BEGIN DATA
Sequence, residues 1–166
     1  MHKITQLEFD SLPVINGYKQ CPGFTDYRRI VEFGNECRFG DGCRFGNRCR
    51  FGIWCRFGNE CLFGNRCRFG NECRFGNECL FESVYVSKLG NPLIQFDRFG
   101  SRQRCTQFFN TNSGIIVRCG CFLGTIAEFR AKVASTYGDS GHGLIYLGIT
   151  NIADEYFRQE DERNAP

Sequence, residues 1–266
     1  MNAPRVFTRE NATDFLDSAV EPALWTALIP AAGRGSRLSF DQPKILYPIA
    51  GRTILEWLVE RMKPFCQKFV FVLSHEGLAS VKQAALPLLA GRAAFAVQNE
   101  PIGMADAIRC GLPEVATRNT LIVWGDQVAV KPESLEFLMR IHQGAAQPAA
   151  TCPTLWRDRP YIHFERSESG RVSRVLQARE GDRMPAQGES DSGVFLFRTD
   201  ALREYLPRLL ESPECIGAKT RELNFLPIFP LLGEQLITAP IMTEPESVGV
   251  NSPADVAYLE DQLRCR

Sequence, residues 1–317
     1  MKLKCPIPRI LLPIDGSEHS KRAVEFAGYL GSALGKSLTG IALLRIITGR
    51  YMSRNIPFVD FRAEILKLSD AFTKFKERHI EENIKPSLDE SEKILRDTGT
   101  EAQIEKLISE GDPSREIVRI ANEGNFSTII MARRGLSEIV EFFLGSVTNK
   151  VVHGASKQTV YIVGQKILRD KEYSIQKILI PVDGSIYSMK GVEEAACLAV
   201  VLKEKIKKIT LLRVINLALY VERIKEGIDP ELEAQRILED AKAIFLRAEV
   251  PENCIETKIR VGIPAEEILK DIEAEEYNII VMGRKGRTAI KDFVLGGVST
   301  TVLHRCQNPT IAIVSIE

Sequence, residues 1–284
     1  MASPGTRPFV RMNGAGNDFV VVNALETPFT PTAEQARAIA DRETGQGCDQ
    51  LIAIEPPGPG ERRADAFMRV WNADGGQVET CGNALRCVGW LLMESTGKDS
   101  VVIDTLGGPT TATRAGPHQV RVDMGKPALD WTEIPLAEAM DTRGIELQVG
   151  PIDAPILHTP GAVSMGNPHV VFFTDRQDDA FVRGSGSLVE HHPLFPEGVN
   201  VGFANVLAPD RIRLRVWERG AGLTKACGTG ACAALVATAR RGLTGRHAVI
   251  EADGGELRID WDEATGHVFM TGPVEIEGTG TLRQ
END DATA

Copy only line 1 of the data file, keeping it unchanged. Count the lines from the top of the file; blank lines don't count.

Sequence, residues 1–166